A Natural Insecticide to Protect Ash Trees

By Emmanuelle Brière
April 2013

An eco-friendly insecticide jointly developed at Natural Resources Canada is being used as one of the key tools helping to protect trees from the emerald ash borer.
Photo of an emerald ash borer larvae

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A larva forming a gallery in the wood of an ash tree.

The Neem tree produces organic compounds that have been used in India for centuries as an effective way of protecting crops from insect pests. Now, this tropical broadleaf evergreen has been enlisted to help fight a new invasive species attacking trees in Canada: the emerald ash borer.

Using extracts from the Neem tree seed as a key ingredient, scientists from Natural Resources Canada (NRCan) worked collaboratively with BioForest Technologies Inc. to develop and commercialize a botanical insecticide called TreeAzin.

“TreeAzin was specifically developed for control of invasive wood boring insect pests,” says Dean Thompson, NRCan Research Scientist, who’s pursuing research initially spearheaded by now retired scientist Blair Helson. “It is particularly effective against invasive pests like the emerald ash borer when used as a protective method on lightly infested trees.”

A Natural Insecticide

Photo of TreeAzin injection system

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Systemic injection of TreeAzin to protect an urban ash tree from the emerald ash borer.

The TreeAzin formulation contains a natural product called Azadirachtins, originating from Neem tree seeds. The insecticide interrupts insect larval moulting occurring under the tree bark. Thompson notes that the compound significantly reduces larval growth, development and feeding, and also reduces fertility and egg viability when adults feed on the foliage of treated trees.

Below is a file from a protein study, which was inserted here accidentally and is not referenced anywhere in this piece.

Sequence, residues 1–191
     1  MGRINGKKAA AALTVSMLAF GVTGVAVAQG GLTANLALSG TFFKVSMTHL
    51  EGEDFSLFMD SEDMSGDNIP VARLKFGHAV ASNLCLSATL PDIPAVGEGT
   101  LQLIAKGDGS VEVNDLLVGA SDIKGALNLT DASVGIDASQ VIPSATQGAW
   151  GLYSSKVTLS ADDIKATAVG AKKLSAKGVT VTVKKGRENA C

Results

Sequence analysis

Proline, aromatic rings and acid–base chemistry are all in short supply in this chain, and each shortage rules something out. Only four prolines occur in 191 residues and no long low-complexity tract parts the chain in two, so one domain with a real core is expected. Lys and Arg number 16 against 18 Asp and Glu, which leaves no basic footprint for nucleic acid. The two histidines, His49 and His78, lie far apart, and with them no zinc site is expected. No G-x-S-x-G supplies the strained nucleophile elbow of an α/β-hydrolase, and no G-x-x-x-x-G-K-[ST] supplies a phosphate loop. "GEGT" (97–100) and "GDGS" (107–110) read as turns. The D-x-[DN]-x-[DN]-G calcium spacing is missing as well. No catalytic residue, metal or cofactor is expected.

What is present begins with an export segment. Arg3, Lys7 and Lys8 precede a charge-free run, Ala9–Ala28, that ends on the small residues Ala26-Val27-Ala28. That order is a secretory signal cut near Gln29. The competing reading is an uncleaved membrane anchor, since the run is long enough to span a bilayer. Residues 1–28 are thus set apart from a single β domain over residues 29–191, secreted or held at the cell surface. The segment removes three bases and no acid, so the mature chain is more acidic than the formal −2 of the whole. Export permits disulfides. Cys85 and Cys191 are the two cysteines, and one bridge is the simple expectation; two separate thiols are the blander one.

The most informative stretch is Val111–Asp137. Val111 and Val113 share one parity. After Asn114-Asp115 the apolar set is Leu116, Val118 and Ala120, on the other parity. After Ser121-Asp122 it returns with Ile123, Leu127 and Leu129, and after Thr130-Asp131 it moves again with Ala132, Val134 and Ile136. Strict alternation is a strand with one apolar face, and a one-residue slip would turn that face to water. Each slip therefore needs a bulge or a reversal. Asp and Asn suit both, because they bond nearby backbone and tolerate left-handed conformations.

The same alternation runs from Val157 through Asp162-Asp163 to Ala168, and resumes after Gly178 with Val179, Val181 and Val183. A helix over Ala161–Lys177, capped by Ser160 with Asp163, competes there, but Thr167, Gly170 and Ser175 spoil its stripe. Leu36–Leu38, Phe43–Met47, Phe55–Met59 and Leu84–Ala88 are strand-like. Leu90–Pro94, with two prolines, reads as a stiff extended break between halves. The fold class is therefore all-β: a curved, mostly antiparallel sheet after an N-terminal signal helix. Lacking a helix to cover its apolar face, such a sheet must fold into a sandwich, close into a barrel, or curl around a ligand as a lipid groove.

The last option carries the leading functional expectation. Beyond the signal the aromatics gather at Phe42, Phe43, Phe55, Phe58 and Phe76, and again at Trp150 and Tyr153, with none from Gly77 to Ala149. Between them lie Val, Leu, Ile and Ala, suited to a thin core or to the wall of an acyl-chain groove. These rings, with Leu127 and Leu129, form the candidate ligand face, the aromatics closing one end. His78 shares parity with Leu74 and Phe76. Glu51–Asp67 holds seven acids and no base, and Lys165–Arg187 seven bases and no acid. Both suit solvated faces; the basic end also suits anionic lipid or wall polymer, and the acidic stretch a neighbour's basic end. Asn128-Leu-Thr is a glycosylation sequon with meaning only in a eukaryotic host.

Scientists from Natural Resources Canada’s Great Lakes Forestry Centre and BioForest Technologies also jointly developed the injection system to deliver the insecticide. In short, the system consists of pressurized canisters which are connected to the tree in a manner similar to an intravenous system. Once connected, the canisters release the insecticide under the tree’s bark and directly into the tree’s conductive tissues, and it moves upwards with the flow of water and nutrients.

“Because TreeAzin is injected directly into the tree, it negates any potential human or environmental exposure, thus strongly mitigating any risks,” says Dean. “Tests have shown that azadiracthins have generally very low toxicity to mammals, birds and other non-target organisms, which also enhances its suitability for use in urban and environmentally sensitive areas.”

A Tool for Municipalities

Photo of infested and non-infested ash trees

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An untreated ash tree (foreground) with TreeAzin treated ash trees (background) in Oakville, Ontario. Photo Credit: BioForest Technologies Inc.

Many cities throughout central and western Canada have a high proportion of ash in their urban forests. Some municipalities facing emerald ash borer infestation including Oakville, Ontario have been using TreeAzin to protect individual ash trees.

“Oakville has the most aggressive municipal EAB management program in Canada, with 75 percent of the municipal tree canopy treated with TreeAzin under the Ash Tree Treatment Program as of 2011," says John McNeil, Manager of Forestry Services, Parks and Open Space in Oakville municipality. "The product has been very effective at conserving the ash canopy, with all but one of the 5,700 treated trees remaining alive.”

Recently registered for use across Canada, TreeAzin allows for the treatment of urban trees in the early stages of an infestation. Researchers are confident that trees that are highly valued by homeowners and urban foresters can be effectively protected using this technique while other methods of control are developed. TreeAzin is now being explored as a possible treatment against other invasive insects, such as the brown spruce longhorn beetle.

“Researchers at Natural Resources Canada continue to explore the possibility of other biological control methods such as predators, parasites or diseases with the goal of sustained control of this destructive pest,” says Thompson.

For more information on control methods being developed by NRCan scientists, visit Canadian Forest Service website.

To read about related articles, see Forest Pests.

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